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Altered global brain-network properties as trait marker in restrictive eating disorders

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Geisler, D., Boehm, I., Borchardt, V., King, J., Tam, F., Roessner, V., et al. (2018). Altered global brain-network properties as trait marker in restrictive eating disorders. Poster presented at 24th Annual Meeting of the Organization for Human Brain Mapping (OHBM 2018), Singapore.

Cite as: http://hdl.handle.net/21.11116/0000-0001-7D98-8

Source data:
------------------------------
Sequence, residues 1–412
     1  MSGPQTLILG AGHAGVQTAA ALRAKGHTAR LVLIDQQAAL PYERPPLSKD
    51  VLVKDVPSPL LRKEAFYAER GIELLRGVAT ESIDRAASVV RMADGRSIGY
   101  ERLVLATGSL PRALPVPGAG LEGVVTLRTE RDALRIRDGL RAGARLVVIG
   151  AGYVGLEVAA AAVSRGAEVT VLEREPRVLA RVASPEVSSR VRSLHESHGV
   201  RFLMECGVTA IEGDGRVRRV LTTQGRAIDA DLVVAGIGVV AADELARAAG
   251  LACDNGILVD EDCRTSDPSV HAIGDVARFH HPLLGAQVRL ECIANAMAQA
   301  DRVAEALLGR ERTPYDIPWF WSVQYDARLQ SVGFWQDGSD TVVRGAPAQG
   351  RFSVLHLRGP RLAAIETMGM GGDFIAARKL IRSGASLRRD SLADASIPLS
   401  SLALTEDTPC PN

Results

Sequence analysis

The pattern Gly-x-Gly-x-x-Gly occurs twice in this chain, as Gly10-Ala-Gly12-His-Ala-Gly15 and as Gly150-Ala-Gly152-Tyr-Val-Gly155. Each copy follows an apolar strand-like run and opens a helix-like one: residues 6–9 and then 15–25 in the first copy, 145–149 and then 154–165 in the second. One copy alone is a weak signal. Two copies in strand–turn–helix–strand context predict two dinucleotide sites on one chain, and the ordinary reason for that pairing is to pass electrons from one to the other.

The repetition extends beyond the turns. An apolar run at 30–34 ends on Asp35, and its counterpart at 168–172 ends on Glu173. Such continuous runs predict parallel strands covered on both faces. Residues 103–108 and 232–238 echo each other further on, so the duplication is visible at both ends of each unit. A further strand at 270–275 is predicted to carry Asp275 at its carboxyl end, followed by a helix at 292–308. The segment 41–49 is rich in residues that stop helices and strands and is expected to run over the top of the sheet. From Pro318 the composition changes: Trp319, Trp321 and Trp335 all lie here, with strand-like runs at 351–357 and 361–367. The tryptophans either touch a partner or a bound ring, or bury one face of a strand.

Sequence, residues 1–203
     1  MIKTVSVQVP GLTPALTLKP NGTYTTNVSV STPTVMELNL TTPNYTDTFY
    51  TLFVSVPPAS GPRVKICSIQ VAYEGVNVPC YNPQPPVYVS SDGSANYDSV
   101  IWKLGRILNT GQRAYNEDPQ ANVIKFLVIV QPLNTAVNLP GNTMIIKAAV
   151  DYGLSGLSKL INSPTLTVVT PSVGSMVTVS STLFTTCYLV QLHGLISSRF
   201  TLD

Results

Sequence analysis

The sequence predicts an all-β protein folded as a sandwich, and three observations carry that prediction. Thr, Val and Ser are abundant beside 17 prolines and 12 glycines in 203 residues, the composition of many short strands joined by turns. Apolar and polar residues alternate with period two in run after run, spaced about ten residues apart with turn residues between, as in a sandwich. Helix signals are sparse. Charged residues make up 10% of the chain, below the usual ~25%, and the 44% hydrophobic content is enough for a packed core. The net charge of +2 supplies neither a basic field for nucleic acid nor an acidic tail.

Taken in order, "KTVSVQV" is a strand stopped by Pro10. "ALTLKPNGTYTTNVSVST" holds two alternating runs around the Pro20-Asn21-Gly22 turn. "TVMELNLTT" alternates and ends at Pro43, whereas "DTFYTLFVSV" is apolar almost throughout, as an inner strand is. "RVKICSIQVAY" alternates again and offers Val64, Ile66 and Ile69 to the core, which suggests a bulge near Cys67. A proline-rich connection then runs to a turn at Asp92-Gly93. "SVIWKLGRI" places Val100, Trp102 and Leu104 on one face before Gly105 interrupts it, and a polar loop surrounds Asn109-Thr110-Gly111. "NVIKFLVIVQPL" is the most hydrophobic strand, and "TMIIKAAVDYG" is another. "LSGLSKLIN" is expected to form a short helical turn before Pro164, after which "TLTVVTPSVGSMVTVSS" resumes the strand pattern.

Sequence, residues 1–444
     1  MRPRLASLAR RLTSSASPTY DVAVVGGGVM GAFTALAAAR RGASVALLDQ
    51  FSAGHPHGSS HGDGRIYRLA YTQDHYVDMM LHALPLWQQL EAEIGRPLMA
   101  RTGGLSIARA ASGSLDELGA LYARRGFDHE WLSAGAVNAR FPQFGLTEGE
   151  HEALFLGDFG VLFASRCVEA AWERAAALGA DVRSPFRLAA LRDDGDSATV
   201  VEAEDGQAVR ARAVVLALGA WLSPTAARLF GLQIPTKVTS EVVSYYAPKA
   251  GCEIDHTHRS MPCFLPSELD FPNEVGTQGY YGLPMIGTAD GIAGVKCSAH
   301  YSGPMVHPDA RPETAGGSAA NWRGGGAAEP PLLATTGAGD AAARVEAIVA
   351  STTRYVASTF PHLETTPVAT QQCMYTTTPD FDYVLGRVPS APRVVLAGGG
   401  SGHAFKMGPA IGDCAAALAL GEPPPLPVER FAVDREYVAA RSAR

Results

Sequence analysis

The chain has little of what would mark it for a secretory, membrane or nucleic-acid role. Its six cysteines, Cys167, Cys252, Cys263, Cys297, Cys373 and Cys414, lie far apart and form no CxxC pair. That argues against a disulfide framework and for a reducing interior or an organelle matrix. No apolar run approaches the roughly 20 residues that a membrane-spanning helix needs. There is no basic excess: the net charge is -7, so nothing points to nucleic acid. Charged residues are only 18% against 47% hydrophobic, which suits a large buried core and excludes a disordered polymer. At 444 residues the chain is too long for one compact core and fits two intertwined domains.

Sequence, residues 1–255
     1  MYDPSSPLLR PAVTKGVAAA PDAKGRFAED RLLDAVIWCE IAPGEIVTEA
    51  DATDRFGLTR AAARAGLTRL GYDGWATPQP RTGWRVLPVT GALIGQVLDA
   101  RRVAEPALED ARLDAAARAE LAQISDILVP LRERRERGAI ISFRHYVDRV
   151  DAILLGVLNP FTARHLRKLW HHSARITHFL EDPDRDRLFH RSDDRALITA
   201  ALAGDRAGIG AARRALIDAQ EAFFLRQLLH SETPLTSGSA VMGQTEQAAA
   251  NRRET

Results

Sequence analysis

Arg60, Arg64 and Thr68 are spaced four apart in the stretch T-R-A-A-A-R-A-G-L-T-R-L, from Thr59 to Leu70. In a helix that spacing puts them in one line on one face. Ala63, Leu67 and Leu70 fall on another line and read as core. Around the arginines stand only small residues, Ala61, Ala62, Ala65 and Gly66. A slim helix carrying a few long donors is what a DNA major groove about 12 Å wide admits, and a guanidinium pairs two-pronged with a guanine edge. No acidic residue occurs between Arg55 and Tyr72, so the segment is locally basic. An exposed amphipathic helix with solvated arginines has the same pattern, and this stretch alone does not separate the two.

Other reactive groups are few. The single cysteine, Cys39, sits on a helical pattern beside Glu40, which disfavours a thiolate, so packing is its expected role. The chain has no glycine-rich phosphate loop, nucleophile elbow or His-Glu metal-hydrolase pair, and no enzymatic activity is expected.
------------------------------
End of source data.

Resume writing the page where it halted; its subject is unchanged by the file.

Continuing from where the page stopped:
Introduction: Resting state fMRI (rs-fMRI) studies have identified functional connectivity patterns associated with obesity (Kullmann et al., 2012; Garcia-Garcia et al., 2013), but few have investigated in individuals with restrictive eating disorders (RED). Moreover, the majority of previous studies have employed traditional analysis procedures which fail to appreciate the complex nature of brain network organization. One previous rs-fMRI study in underweight patient employing graph-theoretic metrics revealed changes in global and intermediate brain network architecture possibly driven by local degradations in a thalamo-insular network (Geisler et al., 2016). Here we study individuals with restrictive eating disorders (RED) who present with a normal weight. Methods: The study includes fMRI resting state data of 30 individuals with RED and 30 healthy controls (HC). FMRI data were preprocessed within the nipype framework (Gorgolewski et al., 2011) using SPM8 including the artifact detection (ART), DARTEL toolbox for generating a group template and spatial normalization. Then by using the DPARSFA toolbox (Chao-Gan et al., 2010) we parcellated the volumes were into 160 spherical regions of interest (ROIs) as defined by Dosenbach (Dosenbach et al., 2010). The extracted time courses of these ROIs were used to create symmetric correlation matrices with pair-wise Pearson correlation coefficients. Based on these matrices, we constructed weighted, undirected graph networks with 160 nodes on individual subject level. We computed well-established global metrics (clustering coefficient, characteristic pathlength, small-worldness index, efficiency, degree correlation) and local graph metrics (degree, strength, average pathlength, betweenness centrality, participation index, local efficiency, normalized local efficiency) across a range of network densities (Sporns et al., 2004; Rubinov et al., 2010). Results: Indicative of an altered global network structure, RED individuals showed an increased degree correlation between linked pairs of nodes and reduced global clustering as well as small-worldness compared to HC, while no group differences at an intermediate or local network level were evident. Conclusions: This pattern of results suggests that normal-weight RED individuals have a global brain network configuration characterized by an affinity for nodes of a similar degree to connect preferably. Moreover, the network topology of RED was characterized by a reduced presence of highly interconnected groups of nodes.